: Confessions of a Born-Again Pagan (): Anthony T. Kronman: Books. Joshua Rothman interviews Anthony Kronman, the professor and former Yale Law School dean who wrote the theology book “Confessions of a. Anthony T. Kronman is a Sterling Professor at Yale Law School, where he served as Dean from to In addition to the courses that he teaches at Yale.
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Amazon Restaurants Food delivery from local restaurants. There may be moments or times when they do come to the center, but for many people, they kronmqn to fall away to the margins of things.
The Puritans who founded the Anthojy England colonies did, even though the crucial periods of the founding—the Declaration of Independence, the Revolutionary War, and then the Constitution—were shaped by enlightenment values of a non-religious kind. Shopbop Designer Fashion Brands.
It’s more of a spiritual memoir than a kronmsn for an potential postmodern pagans in my opinion. I have a sun-filled study on the second floor of my home, next to the bedroom, overlooking my beautiful garden which changes with the seasons.
After Words with Anthony Kronman
Yale University Press October 25, Language: Please try again later. Thus they want to find a new totality, perhaps in reaction to a schizophrenic culture. I cannot believe this book has not been discovered. Not as an antidote to Christianity or atheism, but as the time before them, and every religion takes ahold of this very human propensity towards the holy and sacred, and distills them in their own way and can be found beautiful.
There was a problem filtering reviews right now. As I said, this is a big book. If the world is not God, then the body, which is the essence of our human worldliness, is what tethers us to the world. Aysha Khan marked it as to-read Oct 14, I am not saying his writing is verbose anghony in need of an editor. Cindie Harp marked it as to-read Oct 14, Why do you feel that Whitman continues to resonate with people in the anthpny age?
Very often, when I’m writing, I will have not only an audience in mind, but some particular individual with whom I may have discussed whatever it is I’m writing about. It seemed to us then a more attractive and satisfying way of thinking about God and God’s relationship to the world. He starts with the pre-Socratics and he’s going to end the discussion with Walt Whitman.
Andrea marked it as to-read Sep 29, That’s the natural back-and-forth process that every writer is familiar with. There is something about that way of thinking, about God and the relationship of God to the world, that resonates with American life krohman history.
The Prologue explained the book’s gestation period. Robert Gillette rated it liked it Jul 21, Mar 29, Michael Baranowski rated it liked it Shelves: Steve Walker marked it as to-read Sep 29, Also, since I do like learning and sharing, Nietzsche would say that everything that is wants to maintain what kkronman is and always wants to take oronman which is around it a quick summary of ‘will to anhtony, but the author really does a good job at explaining this.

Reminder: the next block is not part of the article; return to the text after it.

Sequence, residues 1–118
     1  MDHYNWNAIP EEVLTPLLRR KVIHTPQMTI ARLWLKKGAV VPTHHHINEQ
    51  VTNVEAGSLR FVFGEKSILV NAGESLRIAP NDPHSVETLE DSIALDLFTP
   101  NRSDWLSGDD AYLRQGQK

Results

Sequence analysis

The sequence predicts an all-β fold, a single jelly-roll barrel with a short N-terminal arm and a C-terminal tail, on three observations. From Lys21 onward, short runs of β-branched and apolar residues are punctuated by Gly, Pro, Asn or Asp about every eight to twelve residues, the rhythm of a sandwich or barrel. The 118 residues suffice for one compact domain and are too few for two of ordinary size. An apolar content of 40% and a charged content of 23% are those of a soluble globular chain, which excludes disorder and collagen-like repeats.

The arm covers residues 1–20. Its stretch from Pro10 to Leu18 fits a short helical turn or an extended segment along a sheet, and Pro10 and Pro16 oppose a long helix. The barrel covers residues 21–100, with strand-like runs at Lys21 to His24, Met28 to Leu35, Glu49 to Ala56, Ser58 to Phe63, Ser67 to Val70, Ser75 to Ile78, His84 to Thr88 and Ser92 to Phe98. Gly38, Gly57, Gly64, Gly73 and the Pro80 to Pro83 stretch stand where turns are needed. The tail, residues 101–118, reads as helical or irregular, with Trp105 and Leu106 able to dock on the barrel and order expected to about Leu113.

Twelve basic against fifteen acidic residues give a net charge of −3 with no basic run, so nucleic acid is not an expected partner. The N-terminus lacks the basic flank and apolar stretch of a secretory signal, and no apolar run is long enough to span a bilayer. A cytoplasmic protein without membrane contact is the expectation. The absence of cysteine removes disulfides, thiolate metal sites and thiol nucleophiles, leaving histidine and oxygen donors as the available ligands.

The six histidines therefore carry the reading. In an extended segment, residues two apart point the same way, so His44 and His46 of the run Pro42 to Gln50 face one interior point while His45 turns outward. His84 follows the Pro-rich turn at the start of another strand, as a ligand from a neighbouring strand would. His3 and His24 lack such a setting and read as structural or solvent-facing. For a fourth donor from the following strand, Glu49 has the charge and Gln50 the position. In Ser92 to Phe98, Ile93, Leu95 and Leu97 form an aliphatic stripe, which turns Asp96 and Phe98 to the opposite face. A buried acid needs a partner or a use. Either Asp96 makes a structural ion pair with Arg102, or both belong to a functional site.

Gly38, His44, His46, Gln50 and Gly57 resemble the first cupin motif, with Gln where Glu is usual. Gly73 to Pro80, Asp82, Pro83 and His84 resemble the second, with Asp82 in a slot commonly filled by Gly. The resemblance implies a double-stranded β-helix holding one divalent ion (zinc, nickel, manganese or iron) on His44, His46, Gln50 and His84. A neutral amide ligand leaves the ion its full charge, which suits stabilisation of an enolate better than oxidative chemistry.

The idea of a fully transcendent God is indeed problematic, and the idea of a God with whom we can never commune with is equally problematic. This book, at over 1, pages, cannot be read quickly, so almost provides the sensation of “taking a course,” of listening to someone unravel their point of view The big challenge with this book was anthont the full architecture of it in view.
Many of our public symbols still carry the badge of their Christian origins, where the dollar bill says, “In God We Trust. This leads to the second problem, which is that his argument fails to adequately account for evil. As a consequence, we now are less capable of feeling and expressing gratitude for the world in which we live.
After Words Anthony Kronman, Jul 22 | Video |
Kronman’s book is a stunning accomplishment. Christina rated it did not like it Aug 21, At times, reaching deepness yet then jumping out into shallower or reaching territory.
Katarina Bogdan rated it really liked it Oct 31, James Hutchison marked it as to-read Oct krobman, My target audience shifted as I wrote the book.
The Evolution of Minds. He leaped past my concern re: It has its own native strain, which is why I chose to end the book with a chapter on Walt Whitman. Ted marked it as to-read Oct 14, Mary Lautner marked it as to-read Oct 14, AmazonGlobal Ship Orders Internationally.
Confessions of a Born-Again Pagan by Anthony T. Kronman
This guy bring syncreticism to a whole new level. Ktonman knew pretty much where I was going all the way through, but there were plenty of times when I found that I needed to back up and adjust course a little bit, and that maybe would even require some revisions in earlier parts of the book that had already been written.
Many of us turned to them because we were hungry for some spiritually gratifying picture of the world that didn’t come with all of the traditional Abrahamic baggage attached.
I would take a deep breath and read what I had written the day before and begin again. Because we are finite, limited beings, we don’t have the luxury of waiting for an endless stretch of time to allow more of the full complexity of their being to come into view.
It only took a few pages for me to conclude that it was plodding and superficial. Instead of reading books or Great Courses about the famous philosophers or schools of thought, I started to branch into the works of the great thinkers themselves.
He’ll explain how it was Augustine who will create a ‘necessary’ God because the Christian God is a creator God and Pelagius tries to sneak in human behavior and prayers making a difference to God.
The term “born-again pagan” is a term that I made for the purposes of this book, partly because I wanted a catchy title that would grab people’s attention, but also because it very accurately described my own theology.